Innovation: The Real Thing

Throughout the history of the tech industry, one of its guiding beliefs has been a faith in the power of innovation–that the company building the best mousetrap will win. But as outsourcing and web technologies continue to drive change, we’re starting to see the rise of tech businesses that specialize in business process rather than innovation. Innovativeness itself is a commodity to be managed through economic forces, rather than a craft to be nurtured.
This model deprecates the role of the strategic visionaries who have traditionally built great tech companies by discovering an unmet market need and then leading the charge toward it. Instead, the most important skills in the new model are a willingness to experiment and quick reflexes.
The most prominent example of this new approach is Google, which is in many ways a giant research lab funded by an advertising company. Google has created an internal Darwinian marketplace for technologies. A blizzard of new ideas is tossed into the market. Those that attract the most enthusiasm get resources, while those that don’t are allowed to linger in the twilight, in endless beta status.
This in-house competition is supposed to eventually produce exciting new businesses that take the company to the next level, but so far that has been the model’s weak point. As a company dominated by technologists, Google produces a lot of interesting new technologies, but not a lot of compelling new product ideas focused on user needs. Sometimes Google has even been forced to buy companies like YouTube when its own internal efforts failed or were late to market.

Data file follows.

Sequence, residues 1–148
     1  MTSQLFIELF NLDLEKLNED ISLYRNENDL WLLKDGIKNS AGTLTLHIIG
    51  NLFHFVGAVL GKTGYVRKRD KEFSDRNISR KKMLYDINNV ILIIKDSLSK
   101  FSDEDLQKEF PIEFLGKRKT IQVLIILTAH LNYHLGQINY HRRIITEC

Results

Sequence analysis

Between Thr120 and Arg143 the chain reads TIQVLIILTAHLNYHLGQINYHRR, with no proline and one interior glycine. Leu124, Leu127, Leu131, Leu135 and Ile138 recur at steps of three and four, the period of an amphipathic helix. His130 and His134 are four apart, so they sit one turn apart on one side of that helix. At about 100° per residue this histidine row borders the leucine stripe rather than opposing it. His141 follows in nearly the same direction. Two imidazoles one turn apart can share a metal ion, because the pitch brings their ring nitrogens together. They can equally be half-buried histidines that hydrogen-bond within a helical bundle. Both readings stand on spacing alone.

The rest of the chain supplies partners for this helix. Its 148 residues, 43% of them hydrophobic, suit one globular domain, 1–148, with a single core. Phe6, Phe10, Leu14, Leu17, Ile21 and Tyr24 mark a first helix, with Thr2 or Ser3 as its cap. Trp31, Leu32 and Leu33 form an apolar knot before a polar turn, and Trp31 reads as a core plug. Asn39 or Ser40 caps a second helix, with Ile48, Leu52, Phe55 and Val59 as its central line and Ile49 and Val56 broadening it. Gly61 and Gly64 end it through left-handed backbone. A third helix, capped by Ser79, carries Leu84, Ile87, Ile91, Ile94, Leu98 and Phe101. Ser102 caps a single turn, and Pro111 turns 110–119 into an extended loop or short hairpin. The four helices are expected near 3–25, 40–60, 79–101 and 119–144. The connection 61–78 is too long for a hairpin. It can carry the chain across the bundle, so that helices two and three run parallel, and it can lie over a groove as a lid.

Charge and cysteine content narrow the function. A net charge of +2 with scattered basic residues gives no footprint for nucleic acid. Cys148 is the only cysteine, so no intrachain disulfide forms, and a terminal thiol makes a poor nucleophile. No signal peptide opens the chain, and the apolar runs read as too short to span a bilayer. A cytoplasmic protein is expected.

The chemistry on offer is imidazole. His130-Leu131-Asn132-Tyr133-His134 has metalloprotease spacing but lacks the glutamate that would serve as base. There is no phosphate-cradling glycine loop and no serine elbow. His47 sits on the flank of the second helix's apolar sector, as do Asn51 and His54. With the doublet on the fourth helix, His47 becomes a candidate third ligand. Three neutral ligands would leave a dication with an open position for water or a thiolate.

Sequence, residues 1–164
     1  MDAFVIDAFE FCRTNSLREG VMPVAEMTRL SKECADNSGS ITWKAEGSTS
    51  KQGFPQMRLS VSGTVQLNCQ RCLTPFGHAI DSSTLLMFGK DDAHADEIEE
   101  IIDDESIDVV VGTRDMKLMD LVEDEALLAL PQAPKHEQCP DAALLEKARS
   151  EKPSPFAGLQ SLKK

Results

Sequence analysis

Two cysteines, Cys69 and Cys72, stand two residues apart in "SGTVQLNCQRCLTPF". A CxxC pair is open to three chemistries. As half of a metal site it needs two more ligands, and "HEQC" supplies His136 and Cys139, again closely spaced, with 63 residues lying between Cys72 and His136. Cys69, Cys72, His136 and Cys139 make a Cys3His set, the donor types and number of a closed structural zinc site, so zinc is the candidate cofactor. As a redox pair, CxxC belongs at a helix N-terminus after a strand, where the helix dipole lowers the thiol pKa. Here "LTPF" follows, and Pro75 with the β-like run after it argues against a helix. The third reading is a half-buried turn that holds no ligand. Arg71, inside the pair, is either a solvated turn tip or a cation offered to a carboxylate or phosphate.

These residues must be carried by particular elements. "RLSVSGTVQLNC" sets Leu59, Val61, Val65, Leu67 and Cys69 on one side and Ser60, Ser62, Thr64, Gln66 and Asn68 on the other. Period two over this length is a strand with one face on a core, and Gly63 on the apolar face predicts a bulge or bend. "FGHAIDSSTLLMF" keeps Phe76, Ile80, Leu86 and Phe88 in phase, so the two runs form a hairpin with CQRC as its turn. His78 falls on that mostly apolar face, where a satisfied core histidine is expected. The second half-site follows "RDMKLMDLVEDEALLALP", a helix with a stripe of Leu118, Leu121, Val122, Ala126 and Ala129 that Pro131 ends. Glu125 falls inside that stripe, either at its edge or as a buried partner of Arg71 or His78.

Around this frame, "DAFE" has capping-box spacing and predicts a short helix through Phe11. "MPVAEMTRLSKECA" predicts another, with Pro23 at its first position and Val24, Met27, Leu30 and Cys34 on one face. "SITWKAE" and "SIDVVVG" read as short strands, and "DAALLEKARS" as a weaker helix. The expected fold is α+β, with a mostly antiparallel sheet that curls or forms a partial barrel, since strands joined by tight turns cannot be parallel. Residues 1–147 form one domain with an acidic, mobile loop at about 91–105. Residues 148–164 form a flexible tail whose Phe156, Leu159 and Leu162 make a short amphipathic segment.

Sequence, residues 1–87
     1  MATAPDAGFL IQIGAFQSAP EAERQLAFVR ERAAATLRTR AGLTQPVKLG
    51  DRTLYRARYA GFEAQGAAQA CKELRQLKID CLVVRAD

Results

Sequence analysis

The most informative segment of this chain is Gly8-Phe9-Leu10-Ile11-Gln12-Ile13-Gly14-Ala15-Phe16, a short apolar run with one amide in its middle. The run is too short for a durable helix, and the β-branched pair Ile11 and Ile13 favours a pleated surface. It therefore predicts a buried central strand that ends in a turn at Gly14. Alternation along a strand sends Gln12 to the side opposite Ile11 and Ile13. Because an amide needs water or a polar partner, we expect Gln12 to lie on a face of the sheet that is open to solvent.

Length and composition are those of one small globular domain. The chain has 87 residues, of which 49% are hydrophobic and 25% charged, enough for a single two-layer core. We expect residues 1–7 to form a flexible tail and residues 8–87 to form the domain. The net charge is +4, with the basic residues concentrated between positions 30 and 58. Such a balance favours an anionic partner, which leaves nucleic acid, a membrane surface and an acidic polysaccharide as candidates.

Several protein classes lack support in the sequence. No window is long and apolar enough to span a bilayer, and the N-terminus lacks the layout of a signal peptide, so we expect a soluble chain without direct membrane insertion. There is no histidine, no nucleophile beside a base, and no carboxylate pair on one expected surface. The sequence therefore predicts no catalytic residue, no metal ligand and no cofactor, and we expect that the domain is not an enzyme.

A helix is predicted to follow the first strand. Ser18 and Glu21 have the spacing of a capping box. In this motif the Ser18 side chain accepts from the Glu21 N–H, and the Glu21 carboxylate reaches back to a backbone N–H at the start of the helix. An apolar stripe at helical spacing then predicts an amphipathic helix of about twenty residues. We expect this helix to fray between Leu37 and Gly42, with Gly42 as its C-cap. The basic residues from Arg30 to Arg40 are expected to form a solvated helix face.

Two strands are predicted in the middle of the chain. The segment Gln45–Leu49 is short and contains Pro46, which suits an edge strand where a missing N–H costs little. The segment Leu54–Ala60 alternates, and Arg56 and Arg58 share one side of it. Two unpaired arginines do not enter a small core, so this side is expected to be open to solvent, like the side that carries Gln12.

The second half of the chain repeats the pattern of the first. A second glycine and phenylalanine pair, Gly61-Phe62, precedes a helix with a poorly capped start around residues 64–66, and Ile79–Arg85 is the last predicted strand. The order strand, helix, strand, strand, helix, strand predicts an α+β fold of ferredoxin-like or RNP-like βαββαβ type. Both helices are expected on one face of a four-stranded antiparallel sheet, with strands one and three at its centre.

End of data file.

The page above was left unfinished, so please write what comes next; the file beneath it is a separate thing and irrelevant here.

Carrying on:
Google can continue to operate this way for as long as its advertising machine spins off cash and insiders have voting control. So it’s too early to dismiss their Darwinian model of innovation management. But for the rest of us, who don’t have unlimited financial resources to pay with, the best approach is clearly still to plan a strategy first and then execute on it.

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